Marilyn Kallet

Tomato Frog

You’re so vain,
You probably think this song is
about you.

He must have been a god, the one

who cross-bred a tomato with a frog.

Long ago, tomatoes had a hard time

getting around. If they wanted to party,

they could never rock, only roll —

smashed, they squished.

Once amphibious, they called the shots.

All that gorgeous rouge

on the move! Green frogs bulged with envy.

Nothing as alluring on blue sand

as a red jumper posed au natural.

Famous painters would steamer

to Madagascar to catch a glimpse

of one. Gauguin himself revered

bold skin, aimed to compose them

amid Goddesses’ nipples.

No still life there.

In this portrait, froggy’s wide-eyed,

goofy, more humble than you might allow.

His ancestors were sliced for sandwiches

(we mustn’t speak of that).

Now he evades the barbaric nets

of chefs — “Out of the produce bin,

into the frying pan? Non! Jamais!”

Red has become royalty-waiting-to-happen.

Red-lipped women have leaned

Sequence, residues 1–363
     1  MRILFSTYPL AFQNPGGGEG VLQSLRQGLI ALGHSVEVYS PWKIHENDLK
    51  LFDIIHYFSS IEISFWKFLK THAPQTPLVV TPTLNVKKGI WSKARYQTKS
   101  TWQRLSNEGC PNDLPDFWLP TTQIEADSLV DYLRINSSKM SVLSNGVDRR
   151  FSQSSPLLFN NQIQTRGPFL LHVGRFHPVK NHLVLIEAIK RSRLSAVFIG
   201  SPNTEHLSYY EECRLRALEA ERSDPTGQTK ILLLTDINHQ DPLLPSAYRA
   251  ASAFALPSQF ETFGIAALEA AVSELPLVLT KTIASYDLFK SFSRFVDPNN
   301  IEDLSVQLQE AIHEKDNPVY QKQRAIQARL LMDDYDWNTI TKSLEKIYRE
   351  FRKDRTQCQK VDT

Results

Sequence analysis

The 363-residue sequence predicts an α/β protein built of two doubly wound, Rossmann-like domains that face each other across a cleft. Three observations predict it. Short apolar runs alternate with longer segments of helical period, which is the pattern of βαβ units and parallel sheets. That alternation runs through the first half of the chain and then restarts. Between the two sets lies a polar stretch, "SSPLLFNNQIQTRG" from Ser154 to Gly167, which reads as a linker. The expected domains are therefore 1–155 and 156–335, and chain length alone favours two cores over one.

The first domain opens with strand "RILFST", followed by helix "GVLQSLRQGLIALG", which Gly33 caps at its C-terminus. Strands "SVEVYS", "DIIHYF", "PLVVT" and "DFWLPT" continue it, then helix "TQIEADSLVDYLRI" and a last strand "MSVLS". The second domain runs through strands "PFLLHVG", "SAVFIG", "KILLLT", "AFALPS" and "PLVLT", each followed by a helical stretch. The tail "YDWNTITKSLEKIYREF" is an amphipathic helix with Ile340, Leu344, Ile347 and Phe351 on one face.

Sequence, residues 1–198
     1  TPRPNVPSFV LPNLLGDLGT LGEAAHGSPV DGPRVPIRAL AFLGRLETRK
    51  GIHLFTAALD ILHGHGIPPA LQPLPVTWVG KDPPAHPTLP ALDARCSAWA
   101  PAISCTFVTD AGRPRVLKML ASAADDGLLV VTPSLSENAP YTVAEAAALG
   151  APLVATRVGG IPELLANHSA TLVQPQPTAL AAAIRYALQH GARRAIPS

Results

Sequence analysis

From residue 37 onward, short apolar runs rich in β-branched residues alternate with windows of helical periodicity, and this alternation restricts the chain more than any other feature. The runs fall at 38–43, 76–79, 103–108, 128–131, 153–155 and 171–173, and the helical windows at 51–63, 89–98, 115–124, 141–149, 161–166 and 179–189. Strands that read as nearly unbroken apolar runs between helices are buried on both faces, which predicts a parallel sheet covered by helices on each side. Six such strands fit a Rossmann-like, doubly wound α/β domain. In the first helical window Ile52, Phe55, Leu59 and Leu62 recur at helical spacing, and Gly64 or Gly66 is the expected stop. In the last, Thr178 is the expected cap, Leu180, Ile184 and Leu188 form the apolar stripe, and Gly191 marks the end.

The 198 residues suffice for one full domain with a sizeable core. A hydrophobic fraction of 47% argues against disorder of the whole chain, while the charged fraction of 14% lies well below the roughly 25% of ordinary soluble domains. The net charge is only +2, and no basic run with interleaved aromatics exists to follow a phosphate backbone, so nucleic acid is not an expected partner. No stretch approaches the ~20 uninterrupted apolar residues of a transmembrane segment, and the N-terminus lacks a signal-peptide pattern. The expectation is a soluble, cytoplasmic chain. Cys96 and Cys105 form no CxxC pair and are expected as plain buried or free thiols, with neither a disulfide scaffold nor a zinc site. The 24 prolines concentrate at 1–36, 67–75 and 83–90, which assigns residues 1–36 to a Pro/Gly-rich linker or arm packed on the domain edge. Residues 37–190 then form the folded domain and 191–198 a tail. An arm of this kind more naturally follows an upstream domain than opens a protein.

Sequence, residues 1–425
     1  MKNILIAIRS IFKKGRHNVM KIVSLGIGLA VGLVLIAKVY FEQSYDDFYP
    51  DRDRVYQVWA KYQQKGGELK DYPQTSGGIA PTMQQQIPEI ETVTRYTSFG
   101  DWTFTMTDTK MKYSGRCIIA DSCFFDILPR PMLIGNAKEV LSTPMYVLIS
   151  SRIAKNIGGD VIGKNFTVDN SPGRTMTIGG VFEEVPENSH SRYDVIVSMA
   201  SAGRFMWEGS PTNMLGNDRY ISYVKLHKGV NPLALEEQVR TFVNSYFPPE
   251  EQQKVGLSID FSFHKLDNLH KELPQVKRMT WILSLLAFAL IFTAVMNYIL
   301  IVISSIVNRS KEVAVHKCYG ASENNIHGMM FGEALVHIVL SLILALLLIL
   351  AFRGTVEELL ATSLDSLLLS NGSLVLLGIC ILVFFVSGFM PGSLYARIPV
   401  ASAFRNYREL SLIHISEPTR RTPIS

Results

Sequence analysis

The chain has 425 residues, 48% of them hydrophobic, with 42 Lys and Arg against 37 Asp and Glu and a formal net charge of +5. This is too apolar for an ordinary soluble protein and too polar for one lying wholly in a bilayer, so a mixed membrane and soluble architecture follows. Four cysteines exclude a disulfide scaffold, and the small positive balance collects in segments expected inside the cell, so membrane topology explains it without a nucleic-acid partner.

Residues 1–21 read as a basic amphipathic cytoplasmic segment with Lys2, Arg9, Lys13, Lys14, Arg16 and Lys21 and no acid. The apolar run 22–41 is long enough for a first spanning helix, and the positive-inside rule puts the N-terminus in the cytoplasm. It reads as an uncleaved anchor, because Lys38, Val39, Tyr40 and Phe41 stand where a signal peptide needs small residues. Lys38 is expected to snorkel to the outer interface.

to kiss him…

“I have my own career now.

I’m tired of being used

by girls on their way up.”

Older women try harder

to capture one.

Not that they want a prince,

no way, they’re thinking of show biz,

value — a talking frog.

Our red buddy (call him

Big Boy for old time’s sake)

is adjusting to his new body.

“Like an artiste, I leap,

I plunge. I’m

the first generation

to land on my feet!”

When he has nightmares of toasters

and bacon he wakes up shrieking

his wife croaa-bits

over his rippled skin

until he sheds smoothness,

the vine,

the old days

dangling in Farmer Jones’s patch

like a Christmas ornament.

“Like one engorged testicle,”

he shudders.

Darling, you too were blatant,

over-kissed, elusive.

You were the local Big Boy,

everyone’s delicious pet.

How we wanted to bite

into you! Until you pissed

in our hands. Until you cowered

under rocks. We noticed

our grasping fingers were covered

with telltale warts.